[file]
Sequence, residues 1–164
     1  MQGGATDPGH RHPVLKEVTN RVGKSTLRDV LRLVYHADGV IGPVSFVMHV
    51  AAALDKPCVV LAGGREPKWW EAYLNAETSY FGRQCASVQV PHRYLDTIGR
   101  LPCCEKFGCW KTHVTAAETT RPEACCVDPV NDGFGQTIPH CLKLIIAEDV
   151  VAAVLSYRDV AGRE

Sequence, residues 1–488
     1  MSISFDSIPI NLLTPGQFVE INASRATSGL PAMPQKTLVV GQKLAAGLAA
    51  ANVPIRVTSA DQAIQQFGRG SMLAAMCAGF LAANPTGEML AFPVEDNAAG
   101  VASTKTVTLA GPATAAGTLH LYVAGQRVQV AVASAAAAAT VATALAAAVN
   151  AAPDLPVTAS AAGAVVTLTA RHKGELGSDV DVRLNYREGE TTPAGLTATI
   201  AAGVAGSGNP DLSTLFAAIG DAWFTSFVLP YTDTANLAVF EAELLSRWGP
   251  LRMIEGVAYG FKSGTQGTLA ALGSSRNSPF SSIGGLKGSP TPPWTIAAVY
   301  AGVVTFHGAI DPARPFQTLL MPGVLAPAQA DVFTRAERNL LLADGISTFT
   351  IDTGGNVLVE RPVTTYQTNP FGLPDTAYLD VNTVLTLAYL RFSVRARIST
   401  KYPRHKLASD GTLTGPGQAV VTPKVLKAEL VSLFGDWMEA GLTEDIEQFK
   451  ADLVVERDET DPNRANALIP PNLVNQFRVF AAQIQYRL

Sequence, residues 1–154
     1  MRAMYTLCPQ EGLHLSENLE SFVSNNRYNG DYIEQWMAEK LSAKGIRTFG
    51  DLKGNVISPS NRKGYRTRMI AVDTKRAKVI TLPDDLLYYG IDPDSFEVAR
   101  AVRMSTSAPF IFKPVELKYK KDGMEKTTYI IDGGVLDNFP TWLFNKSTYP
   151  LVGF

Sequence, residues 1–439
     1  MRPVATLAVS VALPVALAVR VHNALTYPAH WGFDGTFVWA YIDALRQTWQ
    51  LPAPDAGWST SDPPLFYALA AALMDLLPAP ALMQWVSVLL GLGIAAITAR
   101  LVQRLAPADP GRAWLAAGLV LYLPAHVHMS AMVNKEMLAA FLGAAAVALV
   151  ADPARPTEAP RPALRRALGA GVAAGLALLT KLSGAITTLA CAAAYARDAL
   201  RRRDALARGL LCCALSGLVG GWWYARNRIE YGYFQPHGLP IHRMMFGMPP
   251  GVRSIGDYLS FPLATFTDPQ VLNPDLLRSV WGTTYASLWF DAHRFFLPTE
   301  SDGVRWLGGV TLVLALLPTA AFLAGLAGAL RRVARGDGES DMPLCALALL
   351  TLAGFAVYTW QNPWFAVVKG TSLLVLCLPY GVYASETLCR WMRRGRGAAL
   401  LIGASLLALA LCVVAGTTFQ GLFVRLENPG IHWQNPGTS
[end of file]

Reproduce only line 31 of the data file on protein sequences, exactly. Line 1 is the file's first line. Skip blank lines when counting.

   401  LIGASLLALA LCVVAGTTFQ GLFVRLENPG IHWQNPGTS